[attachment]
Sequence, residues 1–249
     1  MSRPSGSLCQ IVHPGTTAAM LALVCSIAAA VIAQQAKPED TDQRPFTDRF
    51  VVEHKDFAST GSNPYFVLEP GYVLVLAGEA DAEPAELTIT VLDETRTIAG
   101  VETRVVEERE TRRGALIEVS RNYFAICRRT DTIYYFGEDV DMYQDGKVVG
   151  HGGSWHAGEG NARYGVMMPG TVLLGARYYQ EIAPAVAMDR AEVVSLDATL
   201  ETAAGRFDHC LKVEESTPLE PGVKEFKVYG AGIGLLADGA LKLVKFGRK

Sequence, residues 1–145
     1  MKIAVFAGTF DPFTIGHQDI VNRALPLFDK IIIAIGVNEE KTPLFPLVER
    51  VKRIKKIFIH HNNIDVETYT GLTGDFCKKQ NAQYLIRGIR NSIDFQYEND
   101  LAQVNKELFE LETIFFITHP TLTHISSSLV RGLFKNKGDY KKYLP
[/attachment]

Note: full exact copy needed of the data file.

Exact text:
Sequence, residues 1–249
     1  MSRPSGSLCQ IVHPGTTAAM LALVCSIAAA VIAQQAKPED TDQRPFTDRF
    51  VVEHKDFAST GSNPYFVLEP GYVLVLAGEA DAEPAELTIT VLDETRTIAG
   101  VETRVVEERE TRRGALIEVS RNYFAICRRT DTIYYFGEDV DMYQDGKVVG
   151  HGGSWHAGEG NARYGVMMPG TVLLGARYYQ EIAPAVAMDR AEVVSLDATL
   201  ETAAGRFDHC LKVEESTPLE PGVKEFKVYG AGIGLLADGA LKLVKFGRK

Sequence, residues 1–145
     1  MKIAVFAGTF DPFTIGHQDI VNRALPLFDK IIIAIGVNEE KTPLFPLVER
    51  VKRIKKIFIH HNNIDVETYT GLTGDFCKKQ NAQYLIRGIR NSIDFQYEND
   101  LAQVNKELFE LETIFFITHP TLTHISSSLV RGLFKNKGDY KKYLP